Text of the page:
Celestiial

July 8, 2008

There is a great glyph on the back of this mighty split LP of grim forest after-metal, a rune beast that looks like figures I’ve seen on Scandinavian rock art. It, and the name of the label—Bindrune Recordings—is already an invocation of sorts, and it both charges and seals the storm of lament in these analog-only grooves. One side is devoted to “While Depths Dove the Red-Eyed,” a 17-minute tune from the shadowy and superb one-man act Celestiial. Now I’ve sifted through a fair amount of gothic ambient music, forest metal, and dark folk looking for this sort of sepulchral traditionalism, this sense of ancient mysteries seeping up like clammy moisture through the moss underfoot, and most of it is as corny as clove cigarettes and black nail polish. In contrast, Celestiial’s haunting and glacial  Desolate North album made me feel like I was alone and paddling into a dark fjord toward some ancient whale cemetery that was way spookier than the one I vaguely remember from that  Disney movie I saw as a kid. I finish listening to this record feeling cold and clean.

“While Depths Dove the Red-Eyed” claims to have been captured “in sunless houses…” and I certainly see little light in the dark pedal tone that sounds continuously beneath a wash of frigid mist during the opening section. A distant horn sounds a melody, like a loon’s lament for a warrior. Or a god. Or a biosphere. Cause that’s what I hear in the wordless scream that rides across the slow flailing riffbeast agon this song becomes: a primal scream for the gone world, for the wilderness that is barely possible as a category of thought, let alone a real territory of the unfucked-with, of unmanaged wolves. And that’s what makes this music more than a pagan soundtrack. This scream is not trying to frighten. This scream is in pain, but not for itself. In the outro, we hear a dark rumble and then a bewitching olde ayre plucked on what sounds like a medieval harp, as birds twitter in the background. It is unutterably sad, and the sadness sounds strangely like home. In these days of ravagement and extinction, nature mysticism only announces itself in memoriam. Perhaps such eco-laments are rear-guard, counter-productive, proto-reactionary. But as the emotional dimension of a soundworld that so well recalls nature’s hoary old correspondences, Baudelaire’s foret des symboles, they sound true.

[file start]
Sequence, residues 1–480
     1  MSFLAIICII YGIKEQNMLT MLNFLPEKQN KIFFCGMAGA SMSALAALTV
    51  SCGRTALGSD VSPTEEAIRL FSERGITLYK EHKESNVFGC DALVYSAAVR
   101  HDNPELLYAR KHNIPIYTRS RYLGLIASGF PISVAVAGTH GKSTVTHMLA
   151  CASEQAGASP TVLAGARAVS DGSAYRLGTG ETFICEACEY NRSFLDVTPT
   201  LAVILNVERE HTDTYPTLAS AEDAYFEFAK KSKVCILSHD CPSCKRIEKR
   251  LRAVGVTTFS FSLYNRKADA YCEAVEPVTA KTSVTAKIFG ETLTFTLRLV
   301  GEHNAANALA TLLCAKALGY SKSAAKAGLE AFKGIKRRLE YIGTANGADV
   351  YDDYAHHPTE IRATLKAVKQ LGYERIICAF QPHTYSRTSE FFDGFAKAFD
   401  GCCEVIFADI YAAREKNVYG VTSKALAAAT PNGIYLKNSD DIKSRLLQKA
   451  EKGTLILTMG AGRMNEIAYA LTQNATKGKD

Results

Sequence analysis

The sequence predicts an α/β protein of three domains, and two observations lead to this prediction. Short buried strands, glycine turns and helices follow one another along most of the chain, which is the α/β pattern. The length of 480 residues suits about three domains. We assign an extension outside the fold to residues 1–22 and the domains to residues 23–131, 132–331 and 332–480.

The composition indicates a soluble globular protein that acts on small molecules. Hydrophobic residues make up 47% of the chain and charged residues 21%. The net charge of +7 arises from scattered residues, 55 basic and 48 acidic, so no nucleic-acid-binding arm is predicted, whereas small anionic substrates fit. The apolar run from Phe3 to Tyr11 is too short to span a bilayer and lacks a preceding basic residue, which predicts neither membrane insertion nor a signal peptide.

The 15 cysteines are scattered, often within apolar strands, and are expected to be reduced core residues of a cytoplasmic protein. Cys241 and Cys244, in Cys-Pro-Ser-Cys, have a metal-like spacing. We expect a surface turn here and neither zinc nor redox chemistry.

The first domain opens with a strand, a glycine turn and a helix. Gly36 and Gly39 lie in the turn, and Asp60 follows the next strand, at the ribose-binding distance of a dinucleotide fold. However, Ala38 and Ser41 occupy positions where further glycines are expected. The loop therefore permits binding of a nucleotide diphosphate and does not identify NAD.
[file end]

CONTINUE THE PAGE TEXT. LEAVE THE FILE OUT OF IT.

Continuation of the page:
The funereal cast continues on side two, with Blood of a Black Owl’s equally epic “Contemplating the Death of an Old Friend.” Blood is a band from the Pacific Northwest, and I discovered their sometimes crude but atmospheric self-titled album along with Celestiial and listened to it about as avidly. A dawn chorus of birds decorates an almost Eno-esque drift of melancholic bass and organ (second side of Before and After Science to be more specific). The tune grows into an almost Isis-like slab of slow space metal, like some Sigur Ros Nordic sunset soul reborn in the clammy fogs and perpetual rains of Washington State. Drifting off course into more contrived sense of drama, the song’s barked lyrics become a sort of Spook Theatre radio play monologue about lost souls. Throat singing, mournful horns, and shamanic antler rattles keep the textures rich and resonant, and a steady drum beat subtly introduces America’s aboriginal paganism into the tune. Though the band don’t hit the ambitious mark they have set for themselves—they declaim more than they contemplate—there is a raw sense of organic integrity to this music. Recorded during the Autumn equinox, and completed during the following full moon, it is an authentic heathen metal dirge—garage shamanism.